Having talked with several people over the course of the past few years I have reached a horrible conclusion. Tulsa is sick and dying. I have watched local leaders, advocates, and bloggers emerge; each one investigating some unfairness or injustice. Each issue, a symptom of a larger problem. The root of these symptoms leads each one to the same inescapable, horrifying conclusion. There is a cancer at the heart of Tulsa. Cancer can be found in the Mayor’s office, in his staff, on the council, in Public Works, in many of the various boards and authorities and in the local media.
These persons of authority fall into one or more of the following categories:
- Good intent but poor execution. I believe our current Mayor falls in this category. I’m sure he had every intention of reforming Tulsa, but he had neither the will nor vision to carry out any meaningful reform.
- Special Interests. There are those who see no problem in helping themselves or their friends while “helping” Tulsa. These people have lost all perspective. Their judgment is clouded and can not be trusted with our tax dollars. To find examples here, look at who is behind South Tulsa Toll Bridge, F&M bank at 71st and Harvard, the Downtown arena, or Great Plains Airlines.
- Power above all else. There are those who have been in power so long that they can not and will not relinquish it. They are so blinded by power that they care nothing for those who get hurt during their grasp for it. The Recall of Councilors Mautino and Medlock taught us this all too well.
Streets, sewer and water are the cardiovascular and circulatory system of Tulsa. In many areas, East and North Tulsa in particular, Tulsa is rotting due to little or no circulation. There are billions of dollars in infrastructure needs, there are houses in Tulsa that do not have running city water, there are business that do not have sewer, and our streets are well documented as some of the worst in the country.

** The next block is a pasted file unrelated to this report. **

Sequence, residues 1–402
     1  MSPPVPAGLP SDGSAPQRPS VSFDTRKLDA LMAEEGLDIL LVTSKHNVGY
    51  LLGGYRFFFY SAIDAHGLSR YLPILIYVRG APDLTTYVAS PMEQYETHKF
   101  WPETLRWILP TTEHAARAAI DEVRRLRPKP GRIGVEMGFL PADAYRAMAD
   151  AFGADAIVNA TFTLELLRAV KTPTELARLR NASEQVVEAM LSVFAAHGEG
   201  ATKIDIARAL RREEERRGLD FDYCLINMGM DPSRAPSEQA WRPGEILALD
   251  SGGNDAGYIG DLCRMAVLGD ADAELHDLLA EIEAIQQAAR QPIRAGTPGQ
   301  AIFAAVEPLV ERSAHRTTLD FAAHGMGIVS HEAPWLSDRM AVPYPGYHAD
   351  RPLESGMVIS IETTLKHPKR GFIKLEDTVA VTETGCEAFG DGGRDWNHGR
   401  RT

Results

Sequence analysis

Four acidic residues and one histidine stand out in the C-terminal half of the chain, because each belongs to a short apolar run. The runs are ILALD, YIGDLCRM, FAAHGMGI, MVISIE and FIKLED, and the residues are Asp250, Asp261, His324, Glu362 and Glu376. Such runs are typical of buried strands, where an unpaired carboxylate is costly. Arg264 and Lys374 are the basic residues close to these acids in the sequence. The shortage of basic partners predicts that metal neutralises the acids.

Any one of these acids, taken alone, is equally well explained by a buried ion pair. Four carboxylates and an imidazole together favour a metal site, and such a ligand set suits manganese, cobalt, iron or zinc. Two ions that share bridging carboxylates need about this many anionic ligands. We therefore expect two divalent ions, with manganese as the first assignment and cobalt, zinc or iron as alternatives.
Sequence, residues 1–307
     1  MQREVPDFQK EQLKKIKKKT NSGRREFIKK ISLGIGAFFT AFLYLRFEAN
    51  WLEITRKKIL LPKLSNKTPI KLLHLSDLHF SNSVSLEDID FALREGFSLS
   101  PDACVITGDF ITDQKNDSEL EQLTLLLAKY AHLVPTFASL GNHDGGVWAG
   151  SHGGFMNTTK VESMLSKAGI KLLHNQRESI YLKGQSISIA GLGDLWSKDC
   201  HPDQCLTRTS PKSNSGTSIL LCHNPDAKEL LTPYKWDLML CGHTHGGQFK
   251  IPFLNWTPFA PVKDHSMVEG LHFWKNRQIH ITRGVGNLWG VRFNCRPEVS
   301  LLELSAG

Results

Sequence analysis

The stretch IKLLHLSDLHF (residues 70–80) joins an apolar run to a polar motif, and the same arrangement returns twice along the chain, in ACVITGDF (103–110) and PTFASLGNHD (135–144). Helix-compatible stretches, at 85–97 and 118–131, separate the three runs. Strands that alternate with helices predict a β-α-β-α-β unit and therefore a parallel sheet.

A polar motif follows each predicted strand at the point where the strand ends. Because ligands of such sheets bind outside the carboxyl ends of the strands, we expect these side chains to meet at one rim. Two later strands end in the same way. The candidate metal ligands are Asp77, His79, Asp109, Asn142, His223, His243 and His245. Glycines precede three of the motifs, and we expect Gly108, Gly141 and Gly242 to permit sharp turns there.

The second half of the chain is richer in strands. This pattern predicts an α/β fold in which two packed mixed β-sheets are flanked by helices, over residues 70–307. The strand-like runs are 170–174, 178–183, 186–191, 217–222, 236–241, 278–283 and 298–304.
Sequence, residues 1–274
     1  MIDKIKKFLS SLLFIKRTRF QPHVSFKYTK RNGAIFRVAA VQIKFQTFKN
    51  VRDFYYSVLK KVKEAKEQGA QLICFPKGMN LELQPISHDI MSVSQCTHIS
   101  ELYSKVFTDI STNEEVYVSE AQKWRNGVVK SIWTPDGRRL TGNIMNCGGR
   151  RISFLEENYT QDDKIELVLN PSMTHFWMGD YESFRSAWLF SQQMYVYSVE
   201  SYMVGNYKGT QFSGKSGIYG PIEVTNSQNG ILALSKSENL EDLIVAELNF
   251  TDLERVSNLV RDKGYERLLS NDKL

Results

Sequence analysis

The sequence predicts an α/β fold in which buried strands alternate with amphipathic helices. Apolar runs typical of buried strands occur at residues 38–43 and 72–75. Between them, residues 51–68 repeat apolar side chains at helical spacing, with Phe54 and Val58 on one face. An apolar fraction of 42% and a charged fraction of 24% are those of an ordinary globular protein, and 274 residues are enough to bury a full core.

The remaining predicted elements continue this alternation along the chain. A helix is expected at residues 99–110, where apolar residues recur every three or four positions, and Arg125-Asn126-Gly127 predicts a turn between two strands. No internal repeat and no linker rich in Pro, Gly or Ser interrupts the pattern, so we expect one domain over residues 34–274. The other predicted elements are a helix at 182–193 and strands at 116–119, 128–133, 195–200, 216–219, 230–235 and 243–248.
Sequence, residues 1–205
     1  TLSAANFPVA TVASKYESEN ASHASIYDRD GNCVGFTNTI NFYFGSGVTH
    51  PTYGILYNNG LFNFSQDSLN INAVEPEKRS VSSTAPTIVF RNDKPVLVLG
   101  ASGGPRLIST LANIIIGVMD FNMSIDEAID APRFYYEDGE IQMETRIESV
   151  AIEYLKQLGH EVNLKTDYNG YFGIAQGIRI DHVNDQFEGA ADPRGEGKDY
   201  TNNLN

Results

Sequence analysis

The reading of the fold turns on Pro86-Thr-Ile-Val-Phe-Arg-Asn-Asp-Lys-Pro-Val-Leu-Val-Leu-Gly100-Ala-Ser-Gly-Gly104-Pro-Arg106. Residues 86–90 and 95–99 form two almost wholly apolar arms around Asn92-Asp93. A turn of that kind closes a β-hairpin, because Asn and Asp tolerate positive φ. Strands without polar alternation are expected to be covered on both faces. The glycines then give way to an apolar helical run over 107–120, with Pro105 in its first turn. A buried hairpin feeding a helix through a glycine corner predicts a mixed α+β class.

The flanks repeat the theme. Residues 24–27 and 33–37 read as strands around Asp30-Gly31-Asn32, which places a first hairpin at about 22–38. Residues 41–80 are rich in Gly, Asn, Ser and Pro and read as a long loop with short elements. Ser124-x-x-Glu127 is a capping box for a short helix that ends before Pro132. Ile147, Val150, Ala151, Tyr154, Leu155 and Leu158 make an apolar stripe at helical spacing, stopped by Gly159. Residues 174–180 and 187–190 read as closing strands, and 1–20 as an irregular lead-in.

Crime is on rise in Tulsa and if crime is an infection, our immune system is failing to combat it. Our police force is stretched thin. There are too few patrol officers and too few investigators. Ask yourself if you feel safe? With the murders and home invasions in my part of town, I fear to keep my door unlocked.
And what of the heart of Tulsa, what of the neighborhoods? If the previous problems in Tulsa weren’t enough, our neighborhoods are plagued by unfair zoning and planning and failing schools. The result of these problems is undeniable; business and homeowners are leaving Tulsa and with their exodus we see lower sales and income tax revenue which only compound our problems.
Indeed, the prognosis is grave, but not yet beyond hope. Tulsa needs leaders that cannot be swayed by competing interest. We did not get in this state over night and it won’t be fixed overnight. Not only does Tulsa need leadership with long-term ideas and vision, but the will to carry out that vision.
In 2006 we are being presented with such leadership. Pay attention to the candidates, and choose wisely. After the elections, hold our leaders accountable; demand change; change to staff, to the boards and authorities, and to the way business has been done in the past.
It is not too late to cure this city. Now is the critical hour, now is the time to act. Tulsa’s dire course can be reversed by an engaged and informed electorate. If not, I fear for the worse.
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